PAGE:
The Chatter

Trial Starts for Highest-Ranking Officer in Freddie Gray Case

Lt. Brian Rice faces manslaughter, assault, reckless endangerment, and misconduct charges.

The trial for the highest-ranking of the six Baltimore police officers charged in connection with the death of Freddie Gray got underway Thursday.

Lt. Brian Rice, 42, faces charges of involuntary manslaughter, assault, reckless endangerment, and misconduct in office in the death of the 25-year-old Gray, who died last April from injuries suffered while being transported in a police van.

To date, two officers involved with the arrest and transportation of Gray—Edward Nero and Caesar Goodson Jr.—have been acquitted of all charges in the case. Officer William Porter’s trial ended in a hung jury and he is scheduled to be tried again in September.

Nero and Goodson each sought bench trials, with Baltimore City Circuit Judge Barry Williams determining their fate, as has Rice.

Officer Garrett Miller is scheduled for trial at the end of this month. Sgt. Alicia White is scheduled for trial in October.

At issue in Rice’s case—and in each of the trials thus far—was the failure to properly secure Gray in the back of the police transport van while in custody. Defense attorneys in the other cases have argued that the officers did not receive proper training in the securing of the detainees, and that they hadn’t been aware of new departmental guidelines requiring the seatbelting of all detainees. Defense attorneys have also argued that officers are allowed to use their discretion in seatbelting detainees who may be considered a physical threat.

Prosecutors had hoped to introduce some 4,000 pages of documents—evidence related to Rice’s training, according to The Baltimore Sun—into court, but were denied this week by Williams. The judge ruled that the prosecutors had sought and turned over the documents to Rice’s lawyers too late in the process.

Rice was one of three Baltimore bicycle patrol officers who chased and detained Gray at the Gilmor Homes public housing complex in West Baltimore early Sunday morning on April 12, 2015. He was also one of the officers who first placed Gray into the back of the police transport van.

As the highest-ranking officer on duty that day at the Western District police station, Rice had authority over the officers on the scene, prosecutors argued in their opening statement. Legal observers largely agree, however, that prosecutors face an uphill battle in the Rice trial, particularly given their failure to earn a conviction on any charges against Goodson, the van driver, who had direct custody of Gray after he was placed in the transport vehicle.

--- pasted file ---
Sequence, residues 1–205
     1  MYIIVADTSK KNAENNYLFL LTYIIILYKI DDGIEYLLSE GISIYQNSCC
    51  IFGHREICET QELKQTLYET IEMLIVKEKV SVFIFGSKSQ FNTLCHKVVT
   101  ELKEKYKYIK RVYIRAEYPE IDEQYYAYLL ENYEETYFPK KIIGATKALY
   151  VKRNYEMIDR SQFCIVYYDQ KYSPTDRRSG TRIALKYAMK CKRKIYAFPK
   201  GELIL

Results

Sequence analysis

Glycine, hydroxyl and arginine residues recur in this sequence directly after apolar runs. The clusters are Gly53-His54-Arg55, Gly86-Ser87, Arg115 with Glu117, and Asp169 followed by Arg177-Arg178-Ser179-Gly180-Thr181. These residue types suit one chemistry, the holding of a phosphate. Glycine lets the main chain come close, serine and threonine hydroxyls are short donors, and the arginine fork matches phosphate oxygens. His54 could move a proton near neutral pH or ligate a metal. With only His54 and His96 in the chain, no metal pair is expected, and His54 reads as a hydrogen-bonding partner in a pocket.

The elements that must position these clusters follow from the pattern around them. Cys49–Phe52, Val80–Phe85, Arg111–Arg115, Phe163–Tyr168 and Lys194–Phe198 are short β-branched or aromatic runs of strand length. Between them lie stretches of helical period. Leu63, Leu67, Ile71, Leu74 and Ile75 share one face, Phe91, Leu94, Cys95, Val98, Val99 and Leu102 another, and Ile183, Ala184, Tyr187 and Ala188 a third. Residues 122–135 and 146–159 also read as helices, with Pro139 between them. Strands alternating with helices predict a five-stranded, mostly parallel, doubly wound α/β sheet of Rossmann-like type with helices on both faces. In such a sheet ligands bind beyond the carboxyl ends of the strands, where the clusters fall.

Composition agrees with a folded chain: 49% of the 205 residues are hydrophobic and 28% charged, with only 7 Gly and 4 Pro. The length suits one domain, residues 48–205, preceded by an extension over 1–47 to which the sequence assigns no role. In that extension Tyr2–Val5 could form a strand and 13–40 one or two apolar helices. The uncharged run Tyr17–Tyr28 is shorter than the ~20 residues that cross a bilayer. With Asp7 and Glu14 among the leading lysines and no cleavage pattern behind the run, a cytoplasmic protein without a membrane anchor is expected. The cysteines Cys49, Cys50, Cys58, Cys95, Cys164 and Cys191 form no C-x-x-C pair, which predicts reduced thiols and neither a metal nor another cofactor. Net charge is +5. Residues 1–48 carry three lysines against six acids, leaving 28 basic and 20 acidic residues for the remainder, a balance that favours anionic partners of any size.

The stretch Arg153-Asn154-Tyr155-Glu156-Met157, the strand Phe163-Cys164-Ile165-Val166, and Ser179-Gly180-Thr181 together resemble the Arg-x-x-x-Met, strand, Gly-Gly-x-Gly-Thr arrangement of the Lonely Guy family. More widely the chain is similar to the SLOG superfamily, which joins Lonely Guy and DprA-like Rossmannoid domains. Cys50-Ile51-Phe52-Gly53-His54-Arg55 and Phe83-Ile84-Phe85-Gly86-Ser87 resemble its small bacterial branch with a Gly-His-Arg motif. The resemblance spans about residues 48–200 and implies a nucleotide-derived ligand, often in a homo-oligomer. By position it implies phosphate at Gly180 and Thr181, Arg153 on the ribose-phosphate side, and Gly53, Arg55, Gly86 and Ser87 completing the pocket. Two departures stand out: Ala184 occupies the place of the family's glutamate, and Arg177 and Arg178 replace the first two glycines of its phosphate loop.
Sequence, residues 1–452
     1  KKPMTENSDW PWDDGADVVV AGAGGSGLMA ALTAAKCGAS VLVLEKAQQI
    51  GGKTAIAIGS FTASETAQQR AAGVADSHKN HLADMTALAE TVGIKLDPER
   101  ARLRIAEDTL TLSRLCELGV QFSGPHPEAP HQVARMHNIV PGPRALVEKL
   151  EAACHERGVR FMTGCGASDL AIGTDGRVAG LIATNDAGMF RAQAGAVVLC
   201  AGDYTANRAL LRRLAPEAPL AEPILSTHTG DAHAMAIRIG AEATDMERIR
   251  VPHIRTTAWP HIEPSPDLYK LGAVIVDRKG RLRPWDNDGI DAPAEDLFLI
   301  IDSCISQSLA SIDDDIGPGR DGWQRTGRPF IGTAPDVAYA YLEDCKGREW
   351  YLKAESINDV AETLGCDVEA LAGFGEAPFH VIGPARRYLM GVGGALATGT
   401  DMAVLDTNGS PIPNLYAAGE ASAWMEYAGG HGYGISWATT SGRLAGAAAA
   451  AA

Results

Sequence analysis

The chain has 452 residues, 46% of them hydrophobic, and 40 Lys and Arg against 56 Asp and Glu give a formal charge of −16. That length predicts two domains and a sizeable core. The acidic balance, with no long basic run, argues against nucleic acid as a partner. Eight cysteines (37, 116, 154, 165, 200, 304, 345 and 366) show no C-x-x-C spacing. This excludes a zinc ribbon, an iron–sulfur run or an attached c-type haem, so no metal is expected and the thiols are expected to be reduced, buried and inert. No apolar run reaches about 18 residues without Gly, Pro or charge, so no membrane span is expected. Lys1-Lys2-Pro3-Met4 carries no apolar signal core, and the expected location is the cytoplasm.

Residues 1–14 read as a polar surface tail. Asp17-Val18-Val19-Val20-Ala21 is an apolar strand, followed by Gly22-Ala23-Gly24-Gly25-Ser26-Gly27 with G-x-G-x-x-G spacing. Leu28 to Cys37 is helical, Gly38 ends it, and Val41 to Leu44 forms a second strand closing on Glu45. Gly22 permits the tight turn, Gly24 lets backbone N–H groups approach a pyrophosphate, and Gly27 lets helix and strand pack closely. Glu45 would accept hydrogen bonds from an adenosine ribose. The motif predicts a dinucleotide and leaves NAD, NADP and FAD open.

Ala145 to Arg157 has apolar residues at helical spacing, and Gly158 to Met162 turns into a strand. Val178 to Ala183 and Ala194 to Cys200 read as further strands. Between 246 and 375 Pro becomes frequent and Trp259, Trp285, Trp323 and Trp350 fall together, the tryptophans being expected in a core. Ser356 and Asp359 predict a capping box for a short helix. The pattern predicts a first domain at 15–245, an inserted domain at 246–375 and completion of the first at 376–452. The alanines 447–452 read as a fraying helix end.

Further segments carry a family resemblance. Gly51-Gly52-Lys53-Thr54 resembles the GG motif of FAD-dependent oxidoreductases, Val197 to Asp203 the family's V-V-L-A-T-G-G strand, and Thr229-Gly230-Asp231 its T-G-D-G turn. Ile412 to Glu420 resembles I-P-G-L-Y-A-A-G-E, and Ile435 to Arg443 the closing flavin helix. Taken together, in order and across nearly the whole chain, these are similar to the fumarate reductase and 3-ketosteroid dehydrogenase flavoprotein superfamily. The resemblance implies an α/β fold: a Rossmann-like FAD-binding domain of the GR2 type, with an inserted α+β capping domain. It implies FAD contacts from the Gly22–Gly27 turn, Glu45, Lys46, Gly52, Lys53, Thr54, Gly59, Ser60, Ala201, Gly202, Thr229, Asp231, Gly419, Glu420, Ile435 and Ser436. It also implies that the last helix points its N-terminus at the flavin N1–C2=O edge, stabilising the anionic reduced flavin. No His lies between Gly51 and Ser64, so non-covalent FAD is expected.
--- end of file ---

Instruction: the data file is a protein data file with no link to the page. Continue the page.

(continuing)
Nonetheless, University of Baltimore law professor David Jaros noted that the public still has yet to hear the statement Rice gave investigators after Gray’s fatal arrest and ride.

“Because we don’t know his statement, we don’t know if there’s different support for some of the key elements that we couldn’t find in the prior trials,” Jaros told the Sun. “We also have a slightly different set of circumstances.”

It still remains unclear why Gray was arrested and ultimately placed into the back of the van—other than that he’d initially run from police in a so-called high crime area after allegedly making eye contact with an officer. Gray was eventually found to have a small knife in his possession, but whether the knife was legal or illegal in Baltimore City hasn’t been an issue in court.

Allegations of police brutality have received renewed attention this week in the wake of deadly and controversial police shootings of citizens in Louisiana and Minnesota that were captured on video.

Some have questioned City State’s Attorney General Marilyn Mosby for going forward with charges against the remaining officers in lieu of any convictions thus far. But University of Maryland Francis King Carey School of Law professor Douglas Colbert said after Goodson’s acquittal that, if nothing else, the public is learning how criminal, policing, and judicial systems function in the city.

“It’s like two totally different judicial systems, and I’m talking about white folks, in upscale neighborhoods, who generally have positive interactions with police,” Colbert said. “I think it’s important for them to see how different the interactions of people of color with law enforcement often are.”